Does a Popular Type 2 Medicine Create a B12 Deficiency?Tuesday, September 15, 2015
Metformin is recommended as initial therapy for type 2 diabetes and is used as monotherapy or in combination with other antidiabetic oral agents and insulin. It has been found to be an effective treatment for many patients, but it is also important to point some potential issues associated with taking it. For example, the drug's side effects include lactic acidosis (rare cases), and gastrointestinal issues. And according to new studies, continuous metformin use results in vitamin B12 deficiency in many patients. This essential vitamin helps with blood formation, and brain and nervous system functions.
Although the mechanism has not been fully explained, the proposed interaction is thought to be caused by malabsorption of vitamin B12 in the gut. Depletion of vitamin B12 stores usually occurs after twelve to fifteen years of absolute vitamin B12 deficiency.
Vitamin B12 deficiency, which may present as peripheral neuropathy, is often misdiagnosed as diabetic neuropathy. Failure to diagnose the cause of the neuropathy will result in progression of central and/or peripheral neuronal damage which can be stopped but not reversed with vitamin B12 replacement.
A recent study evaluated the interaction between vitamin B12 and metformin, and reported the following results:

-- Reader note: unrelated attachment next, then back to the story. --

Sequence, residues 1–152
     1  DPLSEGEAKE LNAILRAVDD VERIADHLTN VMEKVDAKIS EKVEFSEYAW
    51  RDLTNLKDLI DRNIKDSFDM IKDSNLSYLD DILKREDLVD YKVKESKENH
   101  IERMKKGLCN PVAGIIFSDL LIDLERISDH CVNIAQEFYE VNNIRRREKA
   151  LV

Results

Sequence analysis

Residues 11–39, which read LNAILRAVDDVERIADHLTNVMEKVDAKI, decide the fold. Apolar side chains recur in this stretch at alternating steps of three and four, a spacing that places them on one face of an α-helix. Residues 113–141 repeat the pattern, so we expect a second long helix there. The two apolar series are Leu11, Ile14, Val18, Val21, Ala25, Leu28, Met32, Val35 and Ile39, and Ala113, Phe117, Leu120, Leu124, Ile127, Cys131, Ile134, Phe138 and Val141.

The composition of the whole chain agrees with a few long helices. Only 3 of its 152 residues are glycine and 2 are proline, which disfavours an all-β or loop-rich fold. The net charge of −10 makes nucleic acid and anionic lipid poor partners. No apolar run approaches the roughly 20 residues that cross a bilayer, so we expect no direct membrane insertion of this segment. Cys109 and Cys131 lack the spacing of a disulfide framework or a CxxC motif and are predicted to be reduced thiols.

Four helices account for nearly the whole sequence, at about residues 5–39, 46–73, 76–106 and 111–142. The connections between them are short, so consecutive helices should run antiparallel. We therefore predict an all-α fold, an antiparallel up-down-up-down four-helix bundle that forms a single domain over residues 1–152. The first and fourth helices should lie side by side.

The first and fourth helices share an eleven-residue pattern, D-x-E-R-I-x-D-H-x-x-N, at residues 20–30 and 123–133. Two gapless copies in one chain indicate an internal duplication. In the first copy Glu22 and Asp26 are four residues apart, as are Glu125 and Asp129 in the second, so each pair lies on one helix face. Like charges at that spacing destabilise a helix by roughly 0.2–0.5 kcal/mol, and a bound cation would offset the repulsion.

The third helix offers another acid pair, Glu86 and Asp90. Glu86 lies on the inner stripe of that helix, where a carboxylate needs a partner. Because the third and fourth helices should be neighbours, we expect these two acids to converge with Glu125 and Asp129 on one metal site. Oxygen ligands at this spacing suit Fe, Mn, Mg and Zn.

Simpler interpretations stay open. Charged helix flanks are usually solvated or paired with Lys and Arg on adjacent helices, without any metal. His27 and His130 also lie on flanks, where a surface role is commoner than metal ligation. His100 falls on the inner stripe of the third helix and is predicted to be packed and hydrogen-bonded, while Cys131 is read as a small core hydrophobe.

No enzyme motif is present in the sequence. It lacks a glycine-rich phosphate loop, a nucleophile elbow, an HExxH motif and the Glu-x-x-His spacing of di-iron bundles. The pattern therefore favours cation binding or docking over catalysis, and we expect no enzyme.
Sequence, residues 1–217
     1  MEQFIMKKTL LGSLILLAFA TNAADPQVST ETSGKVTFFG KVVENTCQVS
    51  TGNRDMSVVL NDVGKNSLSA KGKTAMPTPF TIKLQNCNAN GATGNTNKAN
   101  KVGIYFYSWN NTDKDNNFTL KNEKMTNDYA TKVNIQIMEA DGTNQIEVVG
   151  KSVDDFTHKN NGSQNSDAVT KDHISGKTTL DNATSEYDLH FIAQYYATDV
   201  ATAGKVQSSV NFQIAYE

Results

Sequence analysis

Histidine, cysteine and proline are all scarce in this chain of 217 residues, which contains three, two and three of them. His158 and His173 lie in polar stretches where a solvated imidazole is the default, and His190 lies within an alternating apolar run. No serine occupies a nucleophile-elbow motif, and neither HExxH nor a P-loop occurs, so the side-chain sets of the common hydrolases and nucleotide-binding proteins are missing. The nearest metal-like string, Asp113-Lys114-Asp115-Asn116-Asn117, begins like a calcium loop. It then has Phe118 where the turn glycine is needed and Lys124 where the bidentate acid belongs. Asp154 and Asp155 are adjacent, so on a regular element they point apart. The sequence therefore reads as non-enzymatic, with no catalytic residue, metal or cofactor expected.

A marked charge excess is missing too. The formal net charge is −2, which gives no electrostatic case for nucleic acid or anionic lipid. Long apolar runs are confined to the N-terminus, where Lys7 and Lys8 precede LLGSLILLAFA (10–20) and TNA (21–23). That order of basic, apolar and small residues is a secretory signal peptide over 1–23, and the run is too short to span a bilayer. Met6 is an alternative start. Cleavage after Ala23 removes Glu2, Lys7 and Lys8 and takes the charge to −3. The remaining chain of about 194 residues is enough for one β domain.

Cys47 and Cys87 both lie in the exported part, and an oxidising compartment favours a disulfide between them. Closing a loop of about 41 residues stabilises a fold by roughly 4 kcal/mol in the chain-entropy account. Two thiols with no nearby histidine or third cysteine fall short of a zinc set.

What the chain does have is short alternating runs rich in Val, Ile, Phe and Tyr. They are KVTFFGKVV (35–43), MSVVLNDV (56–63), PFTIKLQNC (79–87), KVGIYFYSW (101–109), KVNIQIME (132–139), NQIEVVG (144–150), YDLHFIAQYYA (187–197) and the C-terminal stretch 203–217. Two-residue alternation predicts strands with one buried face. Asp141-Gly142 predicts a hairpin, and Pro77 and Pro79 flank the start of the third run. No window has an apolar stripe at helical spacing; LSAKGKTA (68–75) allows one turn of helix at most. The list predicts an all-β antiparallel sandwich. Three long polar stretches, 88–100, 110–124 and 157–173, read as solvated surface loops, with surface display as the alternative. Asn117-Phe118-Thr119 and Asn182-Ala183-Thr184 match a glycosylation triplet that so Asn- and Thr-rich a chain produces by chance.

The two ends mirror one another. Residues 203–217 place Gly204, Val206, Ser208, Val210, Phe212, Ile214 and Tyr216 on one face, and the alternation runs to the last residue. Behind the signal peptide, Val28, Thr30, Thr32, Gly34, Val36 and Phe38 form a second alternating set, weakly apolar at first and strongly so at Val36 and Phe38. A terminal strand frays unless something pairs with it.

- Mean serum B12 levels was significantly lower in metformin exposed group vs. non metformin exposed group;
- Mean neuropathy score was significantly higher in metformin exposed group vs. non metformin group; and
- There was significant negative correlation between cumulative metformin dose and vitamin B12 level.
Other studies that evaluated metformin's effect on vitamin B12 reported more than three-fourths of metformin users who had low vitamin B12 levels also had evidence of peripheral neuropathy.
Evaluation of studies and guideline recommendations by organizations that govern diabetes therapy in the U.S. do not clearly advise on a corrective action to prevent such an interaction. Vitamin B12 malabsorption in patients with diabetes that are taking metformin regularly is poorly recognized and not screened for or treated prophylactically by the majority of providers who prescribe metformin. In addition, a clear guideline on a proper corrective action to prevent such interaction is not provided in the literature. This is unfortunate since a correctable cause of irreversible damage to the central and peripheral nervous system may be overlooked.
In my practice, I always take a baseline of vitamin B12 levels before metformin therapy is started or as soon as I can before diabetes therapy is titrated. In addition, I always recommend for patients to take metformin with the 2 major meals of the day (breakfast and dinner).
To prevent an interaction, I recommend to my patients to take vitamin B12 with lunch at least 2 hours apart from the dose of metformin. I also ask patients to do blood work yearly and monitor for any changes in vitamin B12 levels. Periodic monitoring of vitamin B12 levels ensures that when a patient complains of symptoms of peripheral neuropathy, it is not due to low vitamin B12 levels. Another method to ensure proper vitamin B12 levels can be done by taking an injectable vitamin B12 supplementation. An injectable vitamin B12 supplementation bypasses the gut and avoids the interaction between metformin and vitamin B12 altogether.
I believe a vitamin B12 screening is recommended for all patients taking metformin, because B12 supplementation can help reduce the potential risk of irreversible nerve damage. And as always, I reccommend you talk to your provider first before taking any action.